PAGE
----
systems become better educated regarding performance, advances, and options so
that systems are designed to desirable long-term operation standards and the
correct structural capacities. When it comes to town infrastructure and
specifically wastewater treatment, engineers, contractors, regulators, town
officials, and homeowners all share the same goal: systems to perform well
today and for years to come.
Decentralized treatment systems
Onsite septic systems come in many sizes and design configurations, including trench and bed designs, sand filters, and mound systems. The introduction of highly adaptable plastic has expanded the possibilities for specialized system designs and treatment needs.
Highly adaptable and effective, chambers are a key element in septic systems’ evapotranspiration beds, community (cluster) systems, constructed wetlands, and large-scale water resource recovery facilities (WRRFs).
Community and commercial systems
Community or cluster systems are a sustainable option that can be monitored and managed effectively by independent contractors, developers, or town officials. They are cost-effective and easily can be hidden and landscaped to integrate into their surroundings.
Product and design advances provide improved decentralized treatment in commercial and community systems, including streamlined collection and increased storage capacity to meet peak flows. On sites with adequate space, the application of engineered wetlands can result in substantial operations and maintenance cost savings, especially for systems that must operate over long periods. Engineered wetlands are unique from other treatment processes in that they employ vegetation as part of the treatment process and require minimal energy input.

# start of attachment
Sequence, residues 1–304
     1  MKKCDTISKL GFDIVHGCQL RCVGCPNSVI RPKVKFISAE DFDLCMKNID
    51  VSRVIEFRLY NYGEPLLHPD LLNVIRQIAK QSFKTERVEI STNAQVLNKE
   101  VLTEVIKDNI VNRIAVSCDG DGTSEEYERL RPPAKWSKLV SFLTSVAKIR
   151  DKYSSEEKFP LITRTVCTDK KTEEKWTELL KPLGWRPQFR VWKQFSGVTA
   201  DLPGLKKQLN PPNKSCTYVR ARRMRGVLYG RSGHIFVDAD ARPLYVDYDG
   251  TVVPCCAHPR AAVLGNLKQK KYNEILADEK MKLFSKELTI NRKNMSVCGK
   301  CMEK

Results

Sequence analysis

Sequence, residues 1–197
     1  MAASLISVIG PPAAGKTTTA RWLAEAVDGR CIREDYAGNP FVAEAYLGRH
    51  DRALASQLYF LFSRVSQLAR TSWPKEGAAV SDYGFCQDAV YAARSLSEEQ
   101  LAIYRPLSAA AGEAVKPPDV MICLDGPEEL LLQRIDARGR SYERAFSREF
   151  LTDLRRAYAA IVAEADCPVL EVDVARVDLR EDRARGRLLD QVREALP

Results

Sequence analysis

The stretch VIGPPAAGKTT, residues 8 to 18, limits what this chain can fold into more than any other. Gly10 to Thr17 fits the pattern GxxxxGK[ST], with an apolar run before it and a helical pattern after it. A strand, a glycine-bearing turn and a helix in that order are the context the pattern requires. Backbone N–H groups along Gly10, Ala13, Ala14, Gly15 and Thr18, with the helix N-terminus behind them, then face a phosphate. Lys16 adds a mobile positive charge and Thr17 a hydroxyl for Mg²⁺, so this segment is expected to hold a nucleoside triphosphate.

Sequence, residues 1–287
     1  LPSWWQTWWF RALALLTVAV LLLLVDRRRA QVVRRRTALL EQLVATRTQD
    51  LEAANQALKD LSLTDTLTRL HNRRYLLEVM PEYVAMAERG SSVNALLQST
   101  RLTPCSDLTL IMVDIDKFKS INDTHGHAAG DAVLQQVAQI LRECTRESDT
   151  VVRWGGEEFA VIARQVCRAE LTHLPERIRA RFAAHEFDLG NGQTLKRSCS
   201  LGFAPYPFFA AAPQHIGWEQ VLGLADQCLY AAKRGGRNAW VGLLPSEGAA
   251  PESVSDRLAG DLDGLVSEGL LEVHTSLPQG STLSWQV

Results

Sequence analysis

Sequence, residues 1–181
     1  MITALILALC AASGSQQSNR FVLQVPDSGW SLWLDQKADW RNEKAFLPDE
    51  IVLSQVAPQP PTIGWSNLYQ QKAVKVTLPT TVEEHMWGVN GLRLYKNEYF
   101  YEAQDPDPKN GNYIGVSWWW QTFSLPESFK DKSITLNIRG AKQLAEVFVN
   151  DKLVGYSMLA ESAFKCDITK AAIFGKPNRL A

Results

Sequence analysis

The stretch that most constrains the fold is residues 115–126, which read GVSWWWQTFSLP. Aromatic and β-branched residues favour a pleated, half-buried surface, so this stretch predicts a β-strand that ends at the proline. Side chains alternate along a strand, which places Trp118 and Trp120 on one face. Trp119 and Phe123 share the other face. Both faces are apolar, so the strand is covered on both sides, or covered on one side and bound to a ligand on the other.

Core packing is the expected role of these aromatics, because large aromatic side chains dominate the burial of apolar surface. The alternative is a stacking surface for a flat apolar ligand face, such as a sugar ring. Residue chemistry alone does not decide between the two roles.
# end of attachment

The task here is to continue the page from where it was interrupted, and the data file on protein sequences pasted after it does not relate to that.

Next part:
Centralized treatment systems
Municipal water resource recovery facilities
Conventional WRRFs collect, treat, and discharge wastewater as a point source. They are one of the many options that should be explored in any community wastewater treatment plan. A good way to do this is for the wastewater committee personnel and town politicians to visit similar-size communities that have WRRFs to learn about challenges they may be facing, including sustainable development and plant overflows, and to understand their operating budget and sewer fees.
Smart sewers are a new storage application within a centralized system. Many sewer systems are at or beyond capacity, and it is too costly to expand the WRRF. Established facilities are constricted to their peak design flow, which typically only occurs during a short period each day. Smart sewers enable operators to store some of the peak flow in large tanks at the facility or in individual tanks installed at each home or commercial facility and release it during low-flow periods. This can extend the life of the WRRF without requiring an investment in upgrades.
Combined decentralized and centralized treatment solution
Water resource recovery facility extensions
Providing cost-effective and ecologically sound wastewater treatment when the WRRF is at capacity and growth is strong is a challenge faced by design engineers. Extending the life of WRRFs by adding an auxiliary disposal field or other extension to provide effective treatment in communitywide wastewater treatment systems is an example of how centralized and natural treatment systems can work in concert.